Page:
Vail-Leavitt Music Hall Is The East End's Portal To The Past, But It Needs More Than $1 Million In Renovations ASAP

RIVERHEAD, N.Y. (CBSNewYork) — One of the oldest theaters in our area is in need of critical repairs, but it’s not on Broadway.

This theater predates Broadway by decades, CBS2’s Carolyn Gusoff reported Tuesday.

Stepping into the Vail-Leavitt Music Hall in Riverhead is truly like stepping back in time. It is 137 years old.

“The first thing people say when they walk in the door is, ‘Wow, this is here? I didn’t know it was here,'” theater volunteer Ben Brown said.

The “wow” factor is the authenticity of the oldest theater in downstate New York that still operates. Its main stage was built in 1881 when Riverhead was the seat of Suffolk County government.

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Vail-Leavitt Music Hall (Photo: CBS2)

Here is where Thomas Edison ran the first experimental talkie films, Will Rodgers made the Vaudeville rounds and funds were raised to build a pedestal for the Statue of Liberty.

Gas lights lit the opera house-style theater and dry ice was stored behind vents to cool the audience.

“It’s a unique treasure and too many of these have met the wrecking ball over the years,” said Bob Barta, president of the Council for The Vail-Leavitt Music-Hall. “It has been the cultural beacon of the community for 137 years and despite the advent of technology it’s something we should treasure.”

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The theater went through a mid-life restoration in the 1980s, but it now needs a hand if it’s going to get an encore. The roof is going and the sound and electrical systems are outdated.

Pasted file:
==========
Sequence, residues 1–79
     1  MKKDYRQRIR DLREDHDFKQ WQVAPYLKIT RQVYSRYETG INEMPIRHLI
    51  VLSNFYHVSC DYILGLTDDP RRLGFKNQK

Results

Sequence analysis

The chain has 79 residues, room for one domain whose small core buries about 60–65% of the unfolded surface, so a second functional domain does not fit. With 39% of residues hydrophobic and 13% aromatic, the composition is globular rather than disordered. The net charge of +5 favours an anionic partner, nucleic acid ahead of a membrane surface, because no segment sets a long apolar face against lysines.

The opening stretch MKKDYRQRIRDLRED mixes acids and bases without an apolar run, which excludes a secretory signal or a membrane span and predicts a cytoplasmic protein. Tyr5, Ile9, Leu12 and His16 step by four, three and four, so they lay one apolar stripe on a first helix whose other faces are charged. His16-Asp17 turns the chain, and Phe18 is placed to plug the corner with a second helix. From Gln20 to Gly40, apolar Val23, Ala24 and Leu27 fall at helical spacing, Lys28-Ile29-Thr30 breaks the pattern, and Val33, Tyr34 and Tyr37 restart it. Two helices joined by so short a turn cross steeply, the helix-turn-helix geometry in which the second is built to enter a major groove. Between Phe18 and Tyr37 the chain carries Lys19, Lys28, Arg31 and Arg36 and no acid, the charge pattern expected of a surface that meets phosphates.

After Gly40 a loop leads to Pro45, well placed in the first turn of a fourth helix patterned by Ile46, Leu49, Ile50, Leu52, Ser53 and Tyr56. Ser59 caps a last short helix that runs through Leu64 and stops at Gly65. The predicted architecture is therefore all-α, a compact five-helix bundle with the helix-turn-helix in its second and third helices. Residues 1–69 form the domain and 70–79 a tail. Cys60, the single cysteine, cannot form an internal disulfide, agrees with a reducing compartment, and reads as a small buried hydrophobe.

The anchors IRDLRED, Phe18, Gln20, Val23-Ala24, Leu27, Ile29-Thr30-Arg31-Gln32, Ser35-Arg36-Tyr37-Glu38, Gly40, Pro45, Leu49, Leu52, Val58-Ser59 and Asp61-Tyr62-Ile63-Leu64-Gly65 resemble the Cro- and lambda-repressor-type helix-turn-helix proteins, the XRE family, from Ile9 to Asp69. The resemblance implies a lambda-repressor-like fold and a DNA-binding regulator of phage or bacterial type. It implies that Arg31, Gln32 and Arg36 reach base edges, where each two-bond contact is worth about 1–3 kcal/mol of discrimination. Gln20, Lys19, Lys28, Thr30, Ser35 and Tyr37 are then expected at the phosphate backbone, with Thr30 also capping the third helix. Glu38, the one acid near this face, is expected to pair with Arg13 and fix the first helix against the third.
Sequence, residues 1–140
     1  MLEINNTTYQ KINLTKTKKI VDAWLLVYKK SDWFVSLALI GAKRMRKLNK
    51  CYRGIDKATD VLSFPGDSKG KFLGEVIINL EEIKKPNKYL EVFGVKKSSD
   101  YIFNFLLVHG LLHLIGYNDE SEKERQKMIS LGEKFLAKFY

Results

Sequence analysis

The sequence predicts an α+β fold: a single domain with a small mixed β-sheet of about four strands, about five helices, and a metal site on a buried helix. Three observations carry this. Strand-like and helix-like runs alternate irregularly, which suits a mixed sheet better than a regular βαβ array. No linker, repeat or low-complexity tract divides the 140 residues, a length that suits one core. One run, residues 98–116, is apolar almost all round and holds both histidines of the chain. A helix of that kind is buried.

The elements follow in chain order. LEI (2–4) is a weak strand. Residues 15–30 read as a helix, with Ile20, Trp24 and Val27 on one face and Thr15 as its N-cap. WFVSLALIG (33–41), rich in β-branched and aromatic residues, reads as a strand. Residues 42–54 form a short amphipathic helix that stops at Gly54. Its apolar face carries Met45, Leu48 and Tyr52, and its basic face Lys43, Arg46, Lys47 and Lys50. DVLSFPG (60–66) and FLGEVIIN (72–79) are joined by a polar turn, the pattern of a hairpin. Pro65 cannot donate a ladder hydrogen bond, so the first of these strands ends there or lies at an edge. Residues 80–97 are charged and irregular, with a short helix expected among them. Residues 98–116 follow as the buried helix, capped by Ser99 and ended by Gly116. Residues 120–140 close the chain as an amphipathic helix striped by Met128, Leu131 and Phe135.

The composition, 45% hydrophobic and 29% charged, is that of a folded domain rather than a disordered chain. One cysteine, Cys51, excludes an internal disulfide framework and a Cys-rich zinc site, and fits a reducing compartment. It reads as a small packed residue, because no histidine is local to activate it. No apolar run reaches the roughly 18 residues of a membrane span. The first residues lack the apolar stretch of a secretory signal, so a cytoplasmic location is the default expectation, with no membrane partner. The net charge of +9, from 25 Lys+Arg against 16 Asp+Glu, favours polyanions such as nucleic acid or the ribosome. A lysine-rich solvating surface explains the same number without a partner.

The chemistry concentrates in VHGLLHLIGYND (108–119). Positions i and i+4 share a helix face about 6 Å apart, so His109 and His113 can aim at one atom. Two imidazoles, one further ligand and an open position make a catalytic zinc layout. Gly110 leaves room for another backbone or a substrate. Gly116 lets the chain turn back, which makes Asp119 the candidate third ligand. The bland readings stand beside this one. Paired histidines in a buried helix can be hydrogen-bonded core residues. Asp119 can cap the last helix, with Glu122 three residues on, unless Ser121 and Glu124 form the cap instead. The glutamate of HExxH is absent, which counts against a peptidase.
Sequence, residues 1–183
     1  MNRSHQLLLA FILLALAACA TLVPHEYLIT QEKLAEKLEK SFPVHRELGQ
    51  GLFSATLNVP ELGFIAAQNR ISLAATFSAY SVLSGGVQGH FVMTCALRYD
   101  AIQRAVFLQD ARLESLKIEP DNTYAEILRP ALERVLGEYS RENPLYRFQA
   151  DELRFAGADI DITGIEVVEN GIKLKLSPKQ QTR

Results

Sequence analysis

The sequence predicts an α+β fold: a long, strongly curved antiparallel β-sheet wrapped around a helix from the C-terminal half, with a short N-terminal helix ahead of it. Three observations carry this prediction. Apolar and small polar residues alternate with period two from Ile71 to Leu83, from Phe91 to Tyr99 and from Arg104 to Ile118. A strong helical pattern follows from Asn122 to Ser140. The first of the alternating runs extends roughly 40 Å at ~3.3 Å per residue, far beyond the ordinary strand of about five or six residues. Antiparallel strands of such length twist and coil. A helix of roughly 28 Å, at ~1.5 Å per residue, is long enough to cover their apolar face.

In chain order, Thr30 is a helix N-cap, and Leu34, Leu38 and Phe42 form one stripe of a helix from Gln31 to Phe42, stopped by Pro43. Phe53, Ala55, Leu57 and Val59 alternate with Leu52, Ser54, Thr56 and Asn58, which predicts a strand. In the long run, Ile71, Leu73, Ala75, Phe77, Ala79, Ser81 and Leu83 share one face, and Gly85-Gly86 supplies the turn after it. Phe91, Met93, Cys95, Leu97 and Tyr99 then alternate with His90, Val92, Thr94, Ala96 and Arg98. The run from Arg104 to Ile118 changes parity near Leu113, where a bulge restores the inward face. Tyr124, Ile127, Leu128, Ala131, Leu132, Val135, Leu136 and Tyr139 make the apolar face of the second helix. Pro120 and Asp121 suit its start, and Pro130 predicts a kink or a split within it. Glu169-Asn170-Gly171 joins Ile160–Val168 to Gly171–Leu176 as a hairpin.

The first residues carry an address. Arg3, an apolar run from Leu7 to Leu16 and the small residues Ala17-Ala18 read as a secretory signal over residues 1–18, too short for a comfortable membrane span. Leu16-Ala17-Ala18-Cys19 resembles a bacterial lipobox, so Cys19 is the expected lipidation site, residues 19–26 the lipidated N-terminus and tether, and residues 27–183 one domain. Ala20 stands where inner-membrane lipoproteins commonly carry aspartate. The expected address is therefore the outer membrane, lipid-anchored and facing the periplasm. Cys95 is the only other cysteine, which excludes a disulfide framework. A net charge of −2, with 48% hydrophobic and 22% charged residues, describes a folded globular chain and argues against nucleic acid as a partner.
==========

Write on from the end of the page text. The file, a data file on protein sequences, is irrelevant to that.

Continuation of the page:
The non-profit group that operates the music hall needs $1.5 million in donations for critical building repairs, but just as important volunteers to keep the gem alive.

It’s the gateway to the East End, surrounded by a downtown undergoing revitalization, with a new river walk and cafes.

“It’s really tying this all together to make it an experience when you come down to Riverhead,” Town of Riverhead Supervisor Laura Jens-Smith said.

So while Riverhead gets a makeover, there’s a push to keep this history a central part of its future.

The theater, which is named for its two founders, is listed in the National Historical Registry.

  1. Gary Nason says:

    I love that old theater and am always looking for events held there to go to.

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